Structural inequality is a type of violence, if one cannot get permits to build a house and another can, such as in the case of Jerusalem, it is a serious human rights offence.
One of the ways to fight against this would be by showing how to live as true citizens freely in the city without showing who is the victim and by staying dignified and audacious when one is in the right. For example, Prof. Bollens suggested that Palestinians start illegally building a structured plan in East Jerusalem, as a sign of organized and pacified resistance. This could be an answer to the problem with the settlements in the occupied territories as in both cases there is no more valid property ownership. Nevertheless, Palestinians have a counter force against the oppression, which is the growth of population in the city. Their capacity to hold on allows a sustainable situation.
Areas for coexistence after peace
This implies finding ways to restructure different places of the city in order to have some open place to have the possibility to interact with each other, such as parks and shopping centers. The difficulty here is the need to take ones time and not try to go too fast in the rebuilding of a society.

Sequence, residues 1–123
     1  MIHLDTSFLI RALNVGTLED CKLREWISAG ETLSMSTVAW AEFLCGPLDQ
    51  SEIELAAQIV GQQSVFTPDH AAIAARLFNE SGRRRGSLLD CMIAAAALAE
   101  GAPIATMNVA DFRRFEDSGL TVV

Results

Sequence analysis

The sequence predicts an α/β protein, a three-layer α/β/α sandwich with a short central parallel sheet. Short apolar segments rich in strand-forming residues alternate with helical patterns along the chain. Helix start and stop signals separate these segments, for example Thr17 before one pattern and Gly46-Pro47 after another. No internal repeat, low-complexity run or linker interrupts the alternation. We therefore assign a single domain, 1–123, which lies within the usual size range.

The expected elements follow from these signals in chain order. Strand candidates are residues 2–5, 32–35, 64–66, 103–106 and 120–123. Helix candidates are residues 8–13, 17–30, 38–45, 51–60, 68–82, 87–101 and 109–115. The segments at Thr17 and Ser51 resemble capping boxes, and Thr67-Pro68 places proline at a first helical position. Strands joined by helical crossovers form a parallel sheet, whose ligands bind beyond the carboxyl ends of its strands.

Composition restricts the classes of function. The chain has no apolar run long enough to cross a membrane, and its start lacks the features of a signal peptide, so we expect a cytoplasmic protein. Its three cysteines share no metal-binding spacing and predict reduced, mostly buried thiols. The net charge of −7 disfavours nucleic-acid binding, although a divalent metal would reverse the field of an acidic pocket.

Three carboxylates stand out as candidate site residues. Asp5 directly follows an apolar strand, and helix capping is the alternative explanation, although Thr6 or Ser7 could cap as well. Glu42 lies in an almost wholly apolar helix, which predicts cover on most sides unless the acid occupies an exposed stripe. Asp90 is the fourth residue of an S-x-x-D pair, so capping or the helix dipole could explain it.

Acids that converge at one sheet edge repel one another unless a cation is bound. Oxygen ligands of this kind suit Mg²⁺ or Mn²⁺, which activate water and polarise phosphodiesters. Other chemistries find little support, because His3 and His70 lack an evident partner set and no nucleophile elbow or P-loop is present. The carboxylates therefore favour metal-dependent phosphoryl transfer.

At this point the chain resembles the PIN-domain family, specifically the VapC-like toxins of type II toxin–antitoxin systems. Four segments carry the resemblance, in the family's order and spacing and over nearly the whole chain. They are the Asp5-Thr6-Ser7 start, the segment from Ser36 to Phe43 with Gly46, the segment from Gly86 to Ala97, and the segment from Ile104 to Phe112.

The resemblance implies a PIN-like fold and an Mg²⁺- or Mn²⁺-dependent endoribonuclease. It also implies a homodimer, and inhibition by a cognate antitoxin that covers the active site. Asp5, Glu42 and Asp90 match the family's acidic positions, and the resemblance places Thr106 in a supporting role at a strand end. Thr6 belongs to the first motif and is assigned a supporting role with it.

The peace building is an intergenerational procedure, in other words it takes time to forget and change the trauma of the past.
In Mostar and Beirut since the post-war situation there is not much possible communication between the different communities after the war. Even if in the two cases the international community tried to reconstruct neutral city centers it did not correspond to the need of the local people in one place or the other. The intentions were good but the way it was put into practice wasn’t.
In conclusion, Professor Bollens suggests that a type of catastrophe may be required to change the current status quo in Jerusalem, to contribute a ‘wake-up call’ that would lead to the creation of a renewed peace effort.